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Starting 2007, November 20
TEACHING CLASSICS AND DEVELOPING EDUCATIONAL METHODS
This is a ongoing activity in which all the participants will report about their progress in teaching, communicate their findings and discuss problems and concerns with the rest of participants and the faculty
2007, June 1- August 15
CLASSICAL TRADITION AND THE WORLD CRISIS
This communication will be the first introductory event, which is designed to help participants in learning each other positions and to offer them opportunity for putting forward ideas for collective discussion both during the internet-conference and later, possibly as a part of their presentation at contact sessions.
The participants and the recourse faculty will discuss a series of issues, including the following three, which, as Prof. John Dillon recently put it, “seem to be such as, between them, to represent the great bulk of what is wrong with modern western society, and what is inexorably putting intelligent life on this planet under mortal threat. They are the following:
(1) The problem of the destruction of the environment and of waste disposal.
(2) The problem of religious conflict and mutual intolerance.
(3) The problem of the legitimation of authority and the limits of personal freedom”.
(John Dillon, Platonism and the World Crisis, 2006, p. 2)
The participants (1) will read the pamphlet by John Dillon and discuss it;
(2) contribute short papers concerning the issues risen as well as any other problems which, to their mind, deserve collective discussion;
(3) and focus on the question of relevance of the classical tradition to the present-day world situation.
2007, June 1- August 15
THE TEACHING METHODS FROM ANTIQUITY TO THE PRESENT TIME
This communication will be the second introductory event, which is designed to help participants to learn each other positions and to offers them opportunity to put forward ideas for collective discussion both during the internet-conference and later, possibly as a part of their presentation at contact sessions.
Firstly, the participants and the recourse faculty will discuss educational techniques and corresponding philosophy of education in their historical development.
Secondly, the participants are invited to express their ideas concerning contemporary educational situation, especially in the field of classical studies.
Thirdly, the participants will start a long-term study of new approaches and technologies in teaching Classics, such as databases for Classicists (TLG and others) and Papyrologists. For details cf. (1) classes, directed by E. Afonasin during the Summer Session and (2) both Internet-conference and Winter Session by Gabor Betegh.
The participants will contribute short papers to each section and discuss the presentation
This quite independent event is in no way a part of the seminar, but dear colleagues and prospective participants are welcome to participate! For details (in Russian) cf. the site of the conference
2007, May 15-18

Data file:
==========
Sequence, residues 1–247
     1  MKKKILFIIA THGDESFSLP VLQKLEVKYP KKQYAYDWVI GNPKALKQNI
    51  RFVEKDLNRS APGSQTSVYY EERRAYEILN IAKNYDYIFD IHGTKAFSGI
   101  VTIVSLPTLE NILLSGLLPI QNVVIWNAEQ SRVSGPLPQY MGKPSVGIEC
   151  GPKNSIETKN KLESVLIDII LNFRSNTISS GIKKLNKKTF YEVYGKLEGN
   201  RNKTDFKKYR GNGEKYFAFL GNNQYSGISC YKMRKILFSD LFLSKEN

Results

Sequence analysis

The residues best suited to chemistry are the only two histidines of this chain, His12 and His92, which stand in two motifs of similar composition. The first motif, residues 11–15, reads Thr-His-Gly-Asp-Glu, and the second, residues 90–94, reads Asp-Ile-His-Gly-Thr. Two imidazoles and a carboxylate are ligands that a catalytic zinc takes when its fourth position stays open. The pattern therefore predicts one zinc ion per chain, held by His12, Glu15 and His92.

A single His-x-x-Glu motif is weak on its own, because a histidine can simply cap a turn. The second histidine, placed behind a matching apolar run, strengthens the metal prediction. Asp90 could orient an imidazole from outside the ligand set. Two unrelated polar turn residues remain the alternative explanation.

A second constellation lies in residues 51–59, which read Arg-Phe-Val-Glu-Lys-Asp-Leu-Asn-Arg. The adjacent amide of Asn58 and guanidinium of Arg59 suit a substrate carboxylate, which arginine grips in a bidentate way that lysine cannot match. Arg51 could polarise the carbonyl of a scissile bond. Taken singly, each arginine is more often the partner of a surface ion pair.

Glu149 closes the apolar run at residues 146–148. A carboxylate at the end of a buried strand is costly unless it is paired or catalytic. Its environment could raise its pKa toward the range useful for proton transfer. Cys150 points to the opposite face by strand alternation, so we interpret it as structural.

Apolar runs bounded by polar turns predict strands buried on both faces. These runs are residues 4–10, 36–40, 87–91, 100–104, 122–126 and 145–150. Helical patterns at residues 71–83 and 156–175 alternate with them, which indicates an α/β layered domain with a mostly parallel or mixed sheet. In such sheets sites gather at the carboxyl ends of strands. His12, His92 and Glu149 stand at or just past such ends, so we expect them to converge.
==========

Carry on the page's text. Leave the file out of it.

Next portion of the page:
THE RATIONAL AND THE IRRATIONAL IN GREEK THOUGHT
The Institute of Philosophy and Law of Siberian Branch of Russian Academy of Sciences, Novosibirsk, Russia, invites philosophers to take part in a conference on the Rational and the Irrational in Greek philosophic tradition from the beginning to Late Antiquity, to be held from the 15th to 18th of May, 2007 in Novosibirsk Academgorodok, RUSSIA.
More then a half of a century ago E. R. Dodds in his masterpiece “The Greeks and the Irrational” (Berkeley, L.A. 1951) has questioned the traditional view of Greek culture as a triumph of rationalism. Subsequent studies complicated the situation even more. We invite the historians of Ancient, Byzantine and Medieval philosophy, as well as individuals interested in the classical tradition in a broader sense of the word to discuss together this fascinating matter. We anticipate sessions on Early Greek philosophy, on the irrational elements in the Classical tradition, and on religious experience in late antiquity (“an Age of Anxiety”). We will also organize two round-table discussions on Late Antique and Byzantine traditions, and the contemporary issues in source criticism (doxography, biography, manuscript editing, etc.)
Contributions should not exceed twelve double-spaced pages (up to 30 min.) for presentation in conference and five double-spaced pages (up to 15 min.) for round-table discussion.
Working languages: English and Russian.
March 1, 2007: Short abstract is due (300-500 words)
March 15, 2007: Notification of acceptance of Abstract and invitation to submit complete paper.
April 1, 2007: Notification of acceptance of paper.
A detailed SECOND CIRCULAR will be sent in due time to those colleagues who will have answered this invitation, but not later then by April 1, 2007.
Interested persons please contact Prof. Eugene V. Afonasin, Institute of Philosophy and Law, 8, Nikolaev Street, Novosibirsk, 630090, Russia; E-mail: afonasin(a)post.nsu.ru
For additional information consult the page of the Centre for Ancient Philosophy and the Classical Tradition (http://www.nsu.ru/classics/eng/index.htm)